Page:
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Tb Truth. No Mutter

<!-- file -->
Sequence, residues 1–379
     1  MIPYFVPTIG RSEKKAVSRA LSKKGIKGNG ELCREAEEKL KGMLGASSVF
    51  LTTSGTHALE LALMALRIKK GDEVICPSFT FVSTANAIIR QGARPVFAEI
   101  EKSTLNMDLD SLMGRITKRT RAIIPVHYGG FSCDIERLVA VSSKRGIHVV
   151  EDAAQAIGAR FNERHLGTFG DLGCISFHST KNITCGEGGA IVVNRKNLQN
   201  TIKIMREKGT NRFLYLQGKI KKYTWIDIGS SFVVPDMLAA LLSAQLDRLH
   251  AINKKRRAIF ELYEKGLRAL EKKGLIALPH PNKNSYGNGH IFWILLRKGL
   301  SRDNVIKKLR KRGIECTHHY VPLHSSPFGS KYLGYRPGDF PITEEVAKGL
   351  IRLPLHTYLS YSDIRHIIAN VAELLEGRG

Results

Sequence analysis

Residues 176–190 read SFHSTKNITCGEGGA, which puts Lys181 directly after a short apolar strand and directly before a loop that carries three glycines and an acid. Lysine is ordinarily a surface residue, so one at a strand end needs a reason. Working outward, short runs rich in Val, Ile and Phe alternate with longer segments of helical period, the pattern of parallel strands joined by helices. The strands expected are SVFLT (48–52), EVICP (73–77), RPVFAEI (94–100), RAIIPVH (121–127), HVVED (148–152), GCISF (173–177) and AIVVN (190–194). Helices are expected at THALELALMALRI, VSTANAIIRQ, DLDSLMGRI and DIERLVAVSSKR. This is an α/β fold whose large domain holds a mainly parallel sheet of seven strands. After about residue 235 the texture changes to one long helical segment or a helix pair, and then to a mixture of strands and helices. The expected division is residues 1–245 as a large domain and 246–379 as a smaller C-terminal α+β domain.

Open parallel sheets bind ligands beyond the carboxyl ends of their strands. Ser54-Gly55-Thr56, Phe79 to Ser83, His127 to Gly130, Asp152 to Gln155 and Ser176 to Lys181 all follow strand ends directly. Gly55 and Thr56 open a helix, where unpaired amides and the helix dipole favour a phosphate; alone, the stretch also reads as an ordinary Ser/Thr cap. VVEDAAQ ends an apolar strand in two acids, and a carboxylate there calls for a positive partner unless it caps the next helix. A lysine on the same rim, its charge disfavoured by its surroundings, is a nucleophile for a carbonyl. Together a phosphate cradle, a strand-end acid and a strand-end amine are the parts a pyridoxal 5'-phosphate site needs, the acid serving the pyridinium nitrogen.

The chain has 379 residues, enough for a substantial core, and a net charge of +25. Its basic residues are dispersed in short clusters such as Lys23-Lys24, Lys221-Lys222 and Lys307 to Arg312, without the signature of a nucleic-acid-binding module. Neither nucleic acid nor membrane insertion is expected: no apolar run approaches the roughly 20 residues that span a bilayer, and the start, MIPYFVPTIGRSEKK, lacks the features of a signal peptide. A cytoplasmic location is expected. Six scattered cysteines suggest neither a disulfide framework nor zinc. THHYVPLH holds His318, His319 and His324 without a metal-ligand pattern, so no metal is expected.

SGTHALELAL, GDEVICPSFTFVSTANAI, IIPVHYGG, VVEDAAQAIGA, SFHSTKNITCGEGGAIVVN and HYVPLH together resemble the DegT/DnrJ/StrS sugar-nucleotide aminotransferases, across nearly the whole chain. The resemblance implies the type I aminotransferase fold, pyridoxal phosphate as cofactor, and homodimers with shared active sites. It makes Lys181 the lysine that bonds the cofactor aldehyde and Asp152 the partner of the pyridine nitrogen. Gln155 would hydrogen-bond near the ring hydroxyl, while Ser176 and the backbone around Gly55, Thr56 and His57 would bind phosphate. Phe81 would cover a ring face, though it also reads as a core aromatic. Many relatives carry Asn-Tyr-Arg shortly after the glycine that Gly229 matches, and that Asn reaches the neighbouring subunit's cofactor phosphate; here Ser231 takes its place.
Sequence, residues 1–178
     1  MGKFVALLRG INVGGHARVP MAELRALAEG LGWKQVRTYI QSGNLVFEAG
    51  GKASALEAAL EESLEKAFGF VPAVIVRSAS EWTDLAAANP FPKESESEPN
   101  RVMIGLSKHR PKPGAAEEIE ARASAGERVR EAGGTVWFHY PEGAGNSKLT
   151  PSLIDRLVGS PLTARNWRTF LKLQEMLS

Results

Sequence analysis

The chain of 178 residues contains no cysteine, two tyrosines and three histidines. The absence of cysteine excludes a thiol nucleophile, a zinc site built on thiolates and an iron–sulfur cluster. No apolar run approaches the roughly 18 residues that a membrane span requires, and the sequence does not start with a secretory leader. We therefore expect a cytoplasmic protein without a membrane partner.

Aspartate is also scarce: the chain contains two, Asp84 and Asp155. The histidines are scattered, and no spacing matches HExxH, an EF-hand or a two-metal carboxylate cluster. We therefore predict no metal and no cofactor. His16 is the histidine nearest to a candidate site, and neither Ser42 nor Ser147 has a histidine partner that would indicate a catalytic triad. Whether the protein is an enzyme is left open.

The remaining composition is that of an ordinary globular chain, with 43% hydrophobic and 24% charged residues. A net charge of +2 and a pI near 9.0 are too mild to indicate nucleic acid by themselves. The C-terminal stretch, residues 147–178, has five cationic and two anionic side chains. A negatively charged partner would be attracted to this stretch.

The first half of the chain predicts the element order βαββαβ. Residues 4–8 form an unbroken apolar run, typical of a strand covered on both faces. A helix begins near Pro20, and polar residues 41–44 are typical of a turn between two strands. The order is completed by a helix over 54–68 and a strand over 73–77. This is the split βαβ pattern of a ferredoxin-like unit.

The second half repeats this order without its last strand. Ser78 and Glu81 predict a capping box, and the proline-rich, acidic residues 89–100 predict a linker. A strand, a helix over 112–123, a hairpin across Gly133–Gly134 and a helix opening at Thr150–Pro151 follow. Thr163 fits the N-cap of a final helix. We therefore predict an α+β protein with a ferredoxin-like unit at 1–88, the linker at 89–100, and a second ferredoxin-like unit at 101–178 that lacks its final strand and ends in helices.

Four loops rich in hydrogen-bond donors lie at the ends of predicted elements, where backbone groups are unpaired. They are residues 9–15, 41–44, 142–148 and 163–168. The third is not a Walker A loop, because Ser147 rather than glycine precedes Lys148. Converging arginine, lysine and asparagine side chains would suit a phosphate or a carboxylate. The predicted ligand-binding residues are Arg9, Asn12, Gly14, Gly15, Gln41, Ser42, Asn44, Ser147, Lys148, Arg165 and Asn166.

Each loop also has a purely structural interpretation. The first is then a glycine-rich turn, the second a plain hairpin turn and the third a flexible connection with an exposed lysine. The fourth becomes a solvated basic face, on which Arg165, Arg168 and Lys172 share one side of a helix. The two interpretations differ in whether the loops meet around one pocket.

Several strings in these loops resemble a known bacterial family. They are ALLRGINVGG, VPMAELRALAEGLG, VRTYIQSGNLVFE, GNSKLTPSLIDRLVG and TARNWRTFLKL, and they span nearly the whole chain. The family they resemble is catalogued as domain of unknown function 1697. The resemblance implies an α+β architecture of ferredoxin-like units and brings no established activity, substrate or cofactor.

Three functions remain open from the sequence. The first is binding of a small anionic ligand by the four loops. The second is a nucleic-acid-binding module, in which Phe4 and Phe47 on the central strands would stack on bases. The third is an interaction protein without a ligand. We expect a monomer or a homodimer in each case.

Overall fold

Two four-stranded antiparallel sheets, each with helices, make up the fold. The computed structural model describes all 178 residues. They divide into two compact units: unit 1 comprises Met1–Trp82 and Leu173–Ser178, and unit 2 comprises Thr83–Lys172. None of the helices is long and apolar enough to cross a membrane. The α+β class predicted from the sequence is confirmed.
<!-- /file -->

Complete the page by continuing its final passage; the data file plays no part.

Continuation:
Whom It Holpa or Hurt*. if y Bile lirestaeot I Shirk Is Worse Than a Burglar | % » ■■■ r , Tf»# Time* Doea Not Take Hl* 1 ;•*} Money for Advertising, In This I Roopoct Being Different Than Other Detroit Papers. He it itrong of arm and full of physical courage. If he if not a shrewd thinker and a man of cool judgment, he very Quickly pays the heavy price that society exacts from those of his trade. If he would direct his energy, strength and cunning into channels that society could approve, the average burglar would be among our best citixens. The difference between a burglar and a get-rich-quick gold mining faker is the difference between the wily fox and the crawling snake. There are things to admire in the fox. but the snake we can only & loath. The Times has just heard of a boy earning sl2 a week who recently S aaw an advertisement in a Chicago newspaper which stated that a certain , gold mining corporation was prepared to offer to small investors $1 shares of stock at their par value, and absolutely promising total dividends of f SIBO upon a $lO investment. The advertisement said. “If you are going to get in on this you will \ have to do it QUICK." The word “quick" was to emphasize that one W l i * - must hustle the $lO into the mail if he wished to take advantage of this magnificent offer. The sl2 a week boy had never heard of anything so fine as this promise of 1800 per cent profit on an investment that he could make, so he wrote in QUICKLY. He didn't inclose $lO. however, but asked for further information. Ttuc to the spirit of the “ad" the prospective in vestor received a quick response. We quote from the letter the boy received: “Dear Sir: In reply to your inquiry of April 2. the reason that we are able to offer 10 shares of stock for $lO and assure you total of divi dends of SIBO is simply because this company owns outright 384 placer claims, being the choice and pick and covering almost the whole of the ■ ■ ■ Basin, which has been valued in bulletin No. —of the state de partment of (a South American republic) at over $180,000,000 in 23 carat gold dust. “The value of this report published by said government is said to be as worthy of credit and faith as anything published by the United States ; government by the authorities at Washington, D. C. “Your Ten Dollars, therefore, represents a portion of this huge pile -of gold dust contained in our property. We are the only mining company . in the world that can state how much money a share of stock will prob-1 L ably earn, and have these statements verified and backed up by the report 1 published by the Government Department and said report approved as correct by another Government Department. “We give the small investor, such as yourself, exactly the same chance . : with the big investor, getting full protection and his full share of profits.": Big sounding talk! Talk in millions! Glittering, alluring generalities i about precious gold! Talk intended for the ears of men and women who ! work honestly for their existence*and believe that most men are honest l t like themselves. “We are the only mining company in the world that can state how l much money a share of stock will PROBABLY earn." A burglar would l be too honest, would be too maniy. to write that line, with the absolute 1 promise in another paragraph of the letter that $lO will earn SIBO. Such fake gold mining concerns spend many thousands of dollars in r advertising. They flourish just so long as the victims come bearing their : burdens of hard-earned dollars. They pass out of sight and out of mem- j \ cry when they cease advertising, and the victims have only pretty stork; l certificates with which to paper the wall* of their humble homes, f The burglar who goes out with his bag of tools in the dead of night : and risks his life to win a dishonest dollar, is polite and decent compared with the scamp who sat in a fine office in broad daylight and penned that I lying letter to the boy. The Times does not carry the* advertising of these fakes. Ih ' * It is the only Detroit paper that does not lend itself to these | charlatans. The Times protects its readers against them and it costs the paper I thousands of dollars a year to do it. Our conscience will not permit us to present the alluring announce- E ments intended to draw the dollars from your pockets any more than it | would permit us to boost.the burglar through your window. You may rely on advertisements you see in The Times. A Confidential Letter Dear Madam: You have 7.000.000 sisters. tWhat we mean la sister of th'* sis terhood of the female rare—sorority—lsn’t that what they call it ?» Well. you. dear madam, have 7.000.000 slaters In the United States who are living on Incomes of less than 9500 a year. Surprising. Isn t 11? Hut true. So the census report shows And nobody qnarrels with the cold population statistics of the census ma chines. To these 7,000.000 women any Increase In the cost of living Is a serious thing. Even the small amount of 30 per cent added to the coat of a pair of cotton stockings Is a serious thing. Stockings the woman must have, and something to cover her hands—mittens or gloves. Some sort of a hat she must have, and cotton undercloth ing—or wool in winter; and a coat of some kind, ready made. And •he must have her tea or coffee, and her shoes, and her cake of soap, and the oil for her kerosene lamp. Now we suppose you know that the f’nvne tariff hill Increases tne price of all these things—"luxuries. ’ Payne calls th»m. All these things that the very poor simply have to have. And we sup pose you know that the proportion of tax Increases is much higher on the cheap cotton stocking than on the flue kid glove? Such Is the fact. It is like ihat all through the list. The Payne- Aldrich tariff bill is so drawn as to put 75 per cent of all the added * tag burden on the shoulders of the persons whose incomes are less than |SOO a year. Do you think that Is fair? I*n you think li wise legislation, or good statecraft? Couldn't you do letter yourself If you had a vote , Tell your husband about It. and your brother, nnd your son. and your father, nnd have them tell their congressmen and senators . what they think WRITE! WHITE! WRITE NOW! YOU! Very respectfully, April 12, .009. THE DETROIT TIMES ■ EVOLUTION OF THE HOME. Hr dL Admiring Caller: Your home hwt> everv modem improvement, hakn'l Bit? E Hoetees (proudly): Ye*. Indm i Why. it i* hardly aitvthiuu like a homo H«ny iroro H IT WAS TOO ANNOYING Hkfeen kIM you. Yea; I ran t enjoy mtraelf I have to revamp iny complexion even i come out of the conaervatorjr. There are some intrinsically ad" mirable qualities in the house burg lar that no one may gainsay. He sneaks, but he sneaks boldly. He violates, but at a personal risk. He makes no virtuous pretensions. He operates in the dark, when honest men sleep, and seeks no bet ter society than those of his kind. Editorial Page of The Detroit Times "What can be th' reason, there should be a rule That nothin' but th* children should be sent to school ? For the student who goe* abroad to study singing the expenses are man Ifold, says Ellen Beach Yaw In the April Delineator. Aside from board, there are lessons la singing, diction, languages, and, if studying for opera, in acting, to say nothing of an accotn panist, piano rent and so forth. A good accompanist rray be had for $l an hour. Piano ren*. is not nigh. $2.50 a month. Lessons In languages are 5o cents each. Lessons In diction usually cost Si each. and. In art.ng, from $lO a month up. The price of board ranges from S4O to S6O a month, inclusive of light and heat. There are two kinds of rooms, court rooms, those lacing on an Inside terrace or court, and .others facing on the street. No sing or ought ever to go into oi\p of the icourt rooms, unless by chance it 1 should he flooded with sun light. Generally theae court rooms are dark and damp, es pceially In winter. Accordingly the wise and cautious girl chooses a room facing south Above all. one must have good food and live a quiet, order-j lv and regular life, retiring early and getting always plenty of sleep Fur the singer "sleep is tne bent doctor In the world; it is the best medicine on earth." and without g«K>d health, which can not be had without good food, plenty of sl-ep. regular hours and an orderly life, success is almost impossible, and the money Vpent In study Ik absolutely wanted. Q.# I I 1 9 HEW BOOKS IN PUBLIC LIBRARY — > The following new book* have been received in the public library. Richard Hag well—"lreland t nder lhe Stuart* " William If. Beveridge—-’I. n employinenta problem of Industry. Daniel R. Brown "The Baby; a hook for mothers and nurses. Robert Browning— letters to \ srlous cor respondents.' Jennie Buell Woman's Work for Kami Women. ,tory of Mary A. Mayo's part in rural so<lm!' movements. Madison »aweln Poems William If. Dawson—" Evol ution of Modern Oermany. Charles Db’kens--"Short Plays from Dickens arranged by H B. * r " wr \X- t .> F'"?, - F\ans • How to t'ompose W Ithln the iVrtc Korin." Frederick T Hodgson "Easv Lessons In Practical W'ood < arv- Ing " I'haiies O Hoyt--"St udle* In the Ulsterv of Modern Education.' Khfton lolinson Songs Every One Should Know ’ Waldo Vinton Lyon— Prob lem* in Electrical Engineering" John K Mill hell- Self-help for Nervous W omen ' fhartes O. Pcker- "Short (jut* In carpentry’ Eben E Rexford "The Horn. Harden." a book on vege table and small-fruit growing David r Parlor- -"The Psychology of Sing ing " Mar\ V Terhune— The House keeper's W eek ” Jennie R White -"A Little Journsv to South Africa and I p the East (oast” S Paring-Gould— "Lives of the British Saints.' Amelia p Hart "The Hands of Compulsion . tames J Bell—" Whither Thou Uoest ” Edward ’ f*. Booth —"The Post-Olrl.” Mary Cholmondelev —"The Hand on the twitch. ’’ Jeannette Marks — Through W fish Doorways." Ruth I. Mason— •’The Trailers" Louis J. \ anc* —"The Bronte Bell ” Tbs Third Person. In the town where the Rev. Dr. Emmons was pastor lived a physician tinctured with the grossest form o? pantheism, who declared that I' ever he met Dr. Emmons he would °n Uy j floor him in argument. On*- day they met at the home of a parent. The physician asked Dr. Emmons: "How old are you, sir?" The doctor, astounded a: his rude ness, quietly replied. “Sixty-two: may I ask, sir. how long tou h-ive lived ?” "Since the creation ” was the replr of the pantheist. "Ah. 1 suppose, then, you were In the Darden of Eden, with Adam and Eve?” I "I was there, sir ’ i •Well,” said the wilv divine, "we all iknow there was a third |*< rson pre* ent ’’ Nashville Danner A si eel company iu New York state claims to ha\e brought out a man gancse rail which can he la-nt. twisted or otherwise distorted. while oold without breaking or developing t racks In the almost uninhabited Mnrman district of Russia. In the extreme north. Rlong the Norwegian frontier, there have been discovered rich tie posits of silver, copper and lead. J Mr i ■ era ■ , . , ... .. ■ ■ ..-. . - ■ j f COST OF MUSIC STUDY ABROAD The Call of the Bright Outdoors If a man owe? you money It s hard for him to talk religion to you—at least it's hard for him io make you believe it. hot of people thought St. Yves, the waiter Marathoner, was making a financial sacrifice when lie changed •apron for running trunks. Bet h< By W. G. SHEPHERD. GLOVERBVILLE. N. Y.. April 12. — Who will be protected if congress puts a higher tariff on gloves? Certainly not the consumer, for she pays more. Added tariff on gloves, in the past, has not increased the wages of the men and women who make the gloves, and there ia no certainty 'hat tariff r vision upward on this schedule, as proposed in the Payne tariff bill, wiM have any different effect. The glove schedule in the tariff bill, now pending in the senate, was de signed to add more millions to th** cos fern of the glove trust, which is til - real object of protection. Gloveraville is the seat of the glove Industry. I came here to see if tariff, which, as I say. is an added tax on the consumer, had in any way benefit ed the producer (the worker), or if there was any prospect of an added tax giving greater comfort to these people. A stranger in Gloveraville observes instantly that it is unlike other towns These people seem to be in a race. They are all pursuing gloves. Gloves are the pacemakers of the Glovers ville life marathon.'* At left picture of ex Congressman Llttauer Birds an - bees an' blossoms all stay at home an’ play. Then why should not we children, jes th' same as they?” ’MOST ANYTHING A Word From Josh Wise. ‘•lt's a good sign es a man hates a rockir. chair.** Pmm*rr f^jy lEsWA Jv|Kl ;< •; ' | nevei won any $5,000 tips at auy Par isian beaneries, though. British papers refer to Jas. J. Jef trb's as a near-actor. Bet they’d be afraid to come across on ’.iis side and gay it. Boston protests again u Salome, but if she were to name with a mess of beans on the platter instead of John the Baptist's head, the verdict might be altered. Also, Harriman says his conscience is satisfied. It's nice to have a good, general-purpose conscience without but king spells. He —How can i show mv love? She—What's the trou’uh ? he (sighing)—Words are so Inade quate. She (sighing) And kisses are un sanitary. Tough, ain't it. bear? of its size. There is no country ease here. The air seems charged with the excitement of bustling activity. Men. women and children are seen rush ing hurrying madly through the shab by streets. Horses are driven rapidly. There are no loungers around the post office or the" hotel. Nearly everyone corn *s a bundle. These people seem to be in a race. They are all pursuing gloves. Gloves are the pucemakers of 'he Glovers ville life matathon. The stranger is struck bv the num bers of women seen —young old wo men. circle-eyed women, tent girls, ad tired, seemingly hopeless and obvious ly cheated out of the life thlugs worth w hile. Gloveraville is enough to make your heart ache. God knows it needs protection. But not the sort of protection that Lucius N. Littmier, head of the glove trust, is beseeching from <otigresß. I looked down the long rows of fables in one of tile biggest factories. Crouched over the flashing machines were voting girls with fncen crazllv racing against the clock and it seemed to me that every line of their bodies was crying for protection. Hollow cheater and bent, like question marks - the question of existence -wen? spinsters who should be mothers, wives who should lie making homes, children sacrificing health and men who seemed »o lack the dignity and Joy that ordinarily comes from doing the world’s work They were more like slaves than hemps! laboring peo ple. I tohughi. And nil surely are in need of protection. Bit tatter, a former congressman, whose glove contracts with the gov EDITORIALS BY THE PEOPLE', This column Is maintained tor th« expression of opinion, tha cor recting of abuses and ths supplytr g of Information. Maks your letters short, write on one side of the paper and refrain from personal abuse. 6>l*n your full name Women Do Want to Vots, / To the Editor of Tho rimes: I In- Ho«« two name* for the suffrage ref erendum. Could secure ’he names of nine tenths or more of ail the woman iin this vicinity. 1 notic** ihut a fuv i orlte objection of the autU la that the women themselves do not want tho privilege of voting. My reply la thnt all sensible, thinking women, thoao who understand the miserable condi tions which exist today, not only In Michigan, but In our whole country, and those who are unselfish enough to think or care for any one else but their own little selves, are not only willing but anxious to vote, be cause we believed these conditions would be made better and we know for a surety they could be no worse. I thought at first I would not be drawn Into ihis controversy, but tuy heait burns within me and Just this once I feel Impelled to say a few words. With all due deference to the opinions find theories of John Temple Graves, as well as all the other anils. 1 would call their attention to the fact that woman's suffrage Is no new untried thing It is well known that several states of our own country as well as some foreign countries have tried It end all honest, unbiased, unprejudiced men who know of its workings there, freely acknowledge that it Is a ppleudid success, that the whole politi cal atmosphere Is purer and better men are placed at the head of affairs. I What more or better proof would any reasonable mind ask for Why In th* face of these undisputed facts do the r.ntts persist In trying to make people believe black Is white. I do not think women as a rule would aspire to off ice. but we do want th'* privilege of helping place men In positions of trust whom we believe are true, honorable, capable ami conscientious, if we had been given Just laws and they had been enforced, women would never have thought of asking for the right to vote, but there come times when forbearance ceases to boa virtue. .Many times women are the greatest ! sufferers from evil laws, or from the i utter disregard of fairly good law-, while at the same time she Is utterly powerless to help herself. God speed the day when women may vote. Onondagit, Mich. A. E. H. April 9 1909. Get Out Pen, Ink and Paper Editor of The Times: I wish to send «n a few words on the tariff question. REFERENDUM VOTE ANNOUNCED TUESDAY! The Times’ woman’s suffrage referendum closed Satur day The votes are now being counted and the result will he announced Tuesday. The indications are that those women favoring a vote for themselves and for all women have car ried tiie day by a handsome majority. eminent some years ago created a scandal which is not forgotten, has been lobbying in Washington recent ly to have the tariff on gloves in creased 100 per cent. Littauer and his associates have made millions fiom gloves, tint I defy anyone to visit Gloversville and And that the real producers of these gloves have gained anything more out of the in dustry than plain physical existence. I defy l.lttauer to show that his em ployee are getting much pleasure out of life and there Is no record of any promise made bv him to his employes that from an added protection ther-* will be a division of the increased profits. Most of the glovemakors are on piecework. The amount of the week's wages depends upon*individual indus try and strength. The particular part of a glove that this girl or that man handles becomes her or his life. They struggle to produce numbers of that part to their full strength and for 10 hours a day. To make n fair living requires untiling labor ami that harassing worry that on** feels when Ills effort is measured by clock ticks. To slow tip is to flatten the pay envel ope To be sick an hour Is to have 10 or 15 cents less at the end of the week. Pleiework It is that has painted hard lines on tlie* faces of th«» people of Gloversville and bent their backs and cheated them out of youth. Some of the men make as high 8S ffs month. Some of the girls make $?, a week. There is no wage sched ule. The minimum Is nill and th<» maximum Is about 112 a week for the skilled man. • A girl who has been • mployed by Monday. April 12, 1909 Thousands of people In the United States can scarcely make a living now. and If the prices are raised on clothing and food, most of us will have to dress quite shabbily, while it is bad euough now. The price of tea und such things is high enough at present. Why not cut prices down a little and give the poor man a chance? I am almost afraid the people have made a mistake in their president. My husband Is a hard working nyin. He does not drink and has no bad habits. We have only two children, and we have a hard time to make both ends meet. We cannot some times. We have a good farm, too. Tho shop men in the city are worse off than we. All they can do is to make a living. Very few can lay up any thing. I know: I've been there. Why don't they introduce a bill to raise wages? That would be the propei ,thing. What will we do if our cloth ing is so much more high. Perhaps the ixml will take pity and turn the winter Into summer. Come on, people. I am only one frail woman, but will start the ball a rolling Send In your letters to Presi dent Taft until they are heaped up around him so lie can't get out to sign the Payne-Aldrich bill. Don't wait and say, like my husband and I have been doing, “What can we do alone," but write this very minute as I am doing and letting my work wait. Our clothes and food nre more im portant than work Just now. A WOMAN SUBSCRIBER. April 9. 1909. Getting Him Straight. "Neckfies!" shouted the loudly dressed “gentleman" as he stepped Into a shop “These.” said the assistant, very litelv, * are the very newest styles, and are excellent quality at a quarter.” “A quarter!” haughtily snapped the customer —"a quarter! Do l look Use a man who would wear a quarter tie?” "Beg pardon, sir’" meekly inter posed the assistant. “The 10-cent counter Is on the other side,"Judge. Aecoiding to a noted London sur geon, who has accomplished some re trarkable cures with radium, the se cret of success lies In the discovery that a little of the strange material, spread over a wide area, Is more powerful than a solid head composed of It the giove trust for 10 years told me her fetor y. She appeared to be a good girl, prematurely old. slek two or three days a week, unlovely and hope less. Her dream of having a husband probably faded when she saw the ef fect In her face of piece work. Her hope of children died when disease entered her hotly. Now all she asks for is to be abb* to work six days a week. To her way of thinking she is own a privilege. hhe said; "All the work in the sew itu departments Is by the piece. The operator is given a part and Is paid by the dozen. After the glove Is cut it goes to the ‘Mlker,’ w’ho does the fancy stitching on the back; then to the ‘closer,’ who joins the fingers and thumbs; then it goes to operators who do the banding; then to others who close the fingers. Nearly all gloves are finished on the wrong sld<t and have to lie turned and ironed. "It used to be that a girl made a complete glove. Now each girl com putes a little section. It Is very monotonous and we do not learn the trade. "Sectional work has done much to reduce our pay. For Instance, a girl used to get 35 cents a dozen for do ing the binding on a certain style of glove. By having this work done In sections she now gets 17 cents. "Everywhere In the factories yon will see alarm clocks set up before operators. The girls buy them and strive to ko'*p »helr averages regu lar. They race against these clocks— still no one knows how much she will make at the end >f the week. She may be given a very heavy leather, hard to sew. or may be kept Idle waiting for pieces. "Some gltls do extra work at their homes at night. Is It any wonder that they soon break physically? f am fHSf losing my health Each year I earn less, because my strength Is decreasing. Bo as to loae as little time as possible many girls eat coldi lunches, and bolt them. I usualivl take only 15 minutes to eat. It Is a hard business. I don't know what you mean by tarifT but I do know that f have to pAy as much for my glove* l as any other woman. 1 buy them In slpres "